The heat was such that we decided to spend the evening in what used to be the shed. And even though it has been renovated, it continues to be a small space, narrow and dark, its stone walls a meter and a half thick. We were cool, lit, and lying on top of the bed: I with a book and her with the magazine of memory exercises that she can read a thousand times because, as she says, she forgets what she reads in three minutes. Barely any light gets in the shed, and it is so insulated that in summer it resembles a small fridge.
Suddenly the bell rang, and when I stepped into the patio to open the gate, the light of day was comprised of golden dust and the air was filled with the ash of pinetrees. My neighbor, who today had brought with her a bag of eggplants and beets from her vegetable garden, said, «The hillock above the church is burning.» And I thought, «Well, thank goodness you rang because we could have been in the shed until nightfall without realizing that anything was going on.»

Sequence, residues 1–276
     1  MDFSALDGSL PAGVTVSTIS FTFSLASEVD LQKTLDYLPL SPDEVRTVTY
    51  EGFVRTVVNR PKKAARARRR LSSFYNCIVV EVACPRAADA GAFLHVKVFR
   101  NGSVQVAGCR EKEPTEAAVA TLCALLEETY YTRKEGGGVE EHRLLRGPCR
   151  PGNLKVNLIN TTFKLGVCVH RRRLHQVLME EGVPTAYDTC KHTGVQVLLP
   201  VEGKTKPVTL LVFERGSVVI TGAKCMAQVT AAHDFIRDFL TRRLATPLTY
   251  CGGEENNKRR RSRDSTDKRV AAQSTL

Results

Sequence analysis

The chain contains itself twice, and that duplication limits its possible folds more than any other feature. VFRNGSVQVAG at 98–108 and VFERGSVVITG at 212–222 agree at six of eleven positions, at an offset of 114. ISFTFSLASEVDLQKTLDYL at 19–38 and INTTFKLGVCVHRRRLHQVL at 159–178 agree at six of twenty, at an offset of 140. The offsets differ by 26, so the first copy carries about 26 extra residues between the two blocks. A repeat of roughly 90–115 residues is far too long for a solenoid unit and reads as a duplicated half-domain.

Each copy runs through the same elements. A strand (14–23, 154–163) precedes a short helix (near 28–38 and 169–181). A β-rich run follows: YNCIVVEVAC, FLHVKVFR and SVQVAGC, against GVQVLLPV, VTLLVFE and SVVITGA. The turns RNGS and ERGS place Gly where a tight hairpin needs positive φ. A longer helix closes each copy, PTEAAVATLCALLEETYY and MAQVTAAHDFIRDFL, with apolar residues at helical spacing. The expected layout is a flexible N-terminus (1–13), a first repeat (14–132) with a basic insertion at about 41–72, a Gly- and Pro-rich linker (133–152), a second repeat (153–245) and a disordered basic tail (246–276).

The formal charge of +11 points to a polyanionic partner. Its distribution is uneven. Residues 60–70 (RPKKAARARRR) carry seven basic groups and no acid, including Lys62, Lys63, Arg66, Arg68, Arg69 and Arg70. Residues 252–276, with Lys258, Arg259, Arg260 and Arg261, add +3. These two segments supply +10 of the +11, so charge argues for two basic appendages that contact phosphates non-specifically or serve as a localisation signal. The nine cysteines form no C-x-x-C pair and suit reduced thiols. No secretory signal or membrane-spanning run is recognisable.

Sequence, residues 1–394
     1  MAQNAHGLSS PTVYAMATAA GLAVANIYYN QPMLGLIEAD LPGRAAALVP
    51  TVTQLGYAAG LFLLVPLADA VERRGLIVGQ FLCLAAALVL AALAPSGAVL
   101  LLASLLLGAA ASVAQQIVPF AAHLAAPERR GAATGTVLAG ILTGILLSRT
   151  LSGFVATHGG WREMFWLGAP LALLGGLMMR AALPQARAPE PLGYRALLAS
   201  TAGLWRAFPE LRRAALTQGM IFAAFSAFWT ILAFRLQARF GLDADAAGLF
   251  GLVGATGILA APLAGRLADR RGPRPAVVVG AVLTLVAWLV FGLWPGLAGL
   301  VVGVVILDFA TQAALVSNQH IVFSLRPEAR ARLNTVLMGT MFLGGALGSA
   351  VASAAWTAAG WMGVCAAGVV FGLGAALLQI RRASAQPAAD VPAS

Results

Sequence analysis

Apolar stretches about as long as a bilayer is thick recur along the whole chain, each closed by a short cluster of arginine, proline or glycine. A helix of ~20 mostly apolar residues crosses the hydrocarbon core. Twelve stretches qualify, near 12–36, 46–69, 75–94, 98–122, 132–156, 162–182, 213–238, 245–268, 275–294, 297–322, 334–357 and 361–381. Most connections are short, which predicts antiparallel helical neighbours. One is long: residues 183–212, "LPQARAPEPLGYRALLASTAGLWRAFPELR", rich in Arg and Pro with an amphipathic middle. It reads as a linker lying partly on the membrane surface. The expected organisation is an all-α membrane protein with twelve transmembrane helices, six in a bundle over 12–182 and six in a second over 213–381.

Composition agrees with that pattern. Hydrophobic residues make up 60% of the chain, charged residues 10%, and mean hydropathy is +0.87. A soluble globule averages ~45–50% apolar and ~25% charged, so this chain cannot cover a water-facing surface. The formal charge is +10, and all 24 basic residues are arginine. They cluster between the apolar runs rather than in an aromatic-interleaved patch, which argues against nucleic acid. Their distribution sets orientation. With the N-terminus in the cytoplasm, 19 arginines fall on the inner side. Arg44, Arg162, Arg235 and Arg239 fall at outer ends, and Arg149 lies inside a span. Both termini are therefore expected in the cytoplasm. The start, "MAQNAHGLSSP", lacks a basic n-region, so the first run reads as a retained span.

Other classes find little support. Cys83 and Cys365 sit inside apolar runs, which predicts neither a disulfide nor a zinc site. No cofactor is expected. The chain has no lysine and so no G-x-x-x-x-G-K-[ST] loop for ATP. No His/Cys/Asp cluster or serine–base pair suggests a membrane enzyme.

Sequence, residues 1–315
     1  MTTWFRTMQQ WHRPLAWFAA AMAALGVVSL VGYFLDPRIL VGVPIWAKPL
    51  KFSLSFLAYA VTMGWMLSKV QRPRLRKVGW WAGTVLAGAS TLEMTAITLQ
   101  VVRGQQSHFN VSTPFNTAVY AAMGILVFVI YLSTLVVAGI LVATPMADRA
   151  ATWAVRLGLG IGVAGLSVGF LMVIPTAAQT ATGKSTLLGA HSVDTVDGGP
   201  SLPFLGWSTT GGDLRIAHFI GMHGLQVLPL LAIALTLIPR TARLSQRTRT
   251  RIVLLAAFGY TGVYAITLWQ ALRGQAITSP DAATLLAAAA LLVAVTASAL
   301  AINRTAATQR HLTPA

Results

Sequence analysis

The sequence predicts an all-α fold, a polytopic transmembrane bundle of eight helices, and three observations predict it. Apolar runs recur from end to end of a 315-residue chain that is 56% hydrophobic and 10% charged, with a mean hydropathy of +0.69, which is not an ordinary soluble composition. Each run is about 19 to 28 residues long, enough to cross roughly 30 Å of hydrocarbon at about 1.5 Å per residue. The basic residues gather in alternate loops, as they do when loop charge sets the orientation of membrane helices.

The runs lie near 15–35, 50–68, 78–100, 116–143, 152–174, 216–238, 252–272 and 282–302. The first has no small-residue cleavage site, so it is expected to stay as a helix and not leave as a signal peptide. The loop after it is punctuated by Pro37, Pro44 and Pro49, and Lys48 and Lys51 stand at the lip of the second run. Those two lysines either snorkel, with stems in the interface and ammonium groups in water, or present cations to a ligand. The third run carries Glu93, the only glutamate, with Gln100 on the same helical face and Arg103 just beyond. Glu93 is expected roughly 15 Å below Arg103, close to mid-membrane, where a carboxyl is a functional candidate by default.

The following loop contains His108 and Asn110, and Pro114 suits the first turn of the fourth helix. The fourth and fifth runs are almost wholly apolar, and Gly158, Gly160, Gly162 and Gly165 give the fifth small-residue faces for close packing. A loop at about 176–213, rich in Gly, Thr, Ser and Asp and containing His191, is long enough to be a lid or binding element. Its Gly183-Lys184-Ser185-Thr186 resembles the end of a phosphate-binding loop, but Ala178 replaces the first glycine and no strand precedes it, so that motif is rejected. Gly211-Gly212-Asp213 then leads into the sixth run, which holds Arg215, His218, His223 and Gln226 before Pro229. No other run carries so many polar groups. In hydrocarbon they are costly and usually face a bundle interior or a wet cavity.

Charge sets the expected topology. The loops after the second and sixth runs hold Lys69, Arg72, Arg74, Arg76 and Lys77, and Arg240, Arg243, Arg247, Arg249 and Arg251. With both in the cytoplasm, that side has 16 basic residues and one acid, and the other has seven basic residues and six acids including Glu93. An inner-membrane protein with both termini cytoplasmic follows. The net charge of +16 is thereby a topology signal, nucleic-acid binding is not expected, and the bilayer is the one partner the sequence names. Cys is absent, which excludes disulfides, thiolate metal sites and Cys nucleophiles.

Maruxa and I decided to go out to see what was going on (as if we could do something about it!). I left with the robe I had on, and she said she needed to go well dressed because «surely, there will be many people up there.» We went up to the church, saw the disaster from afar, and at the moment that the wind changed and smoke filled our space, we decided to return to our small bunker because we almost couldn’t breathe.
The scene repeats itself each summer. The name of the village, the district, or the hill changes, but the facts remain the same. Ourense burns, sometimes a little, sometimes a lot. It burns systematically. And today, when we are all concerned about the outbreaks of COVID-19, we have to add to our list of worries the outbreaks of fires that will overrun the land all summer long and that will continue being that other virus that will not let us breathe and for which we also have no vaccine..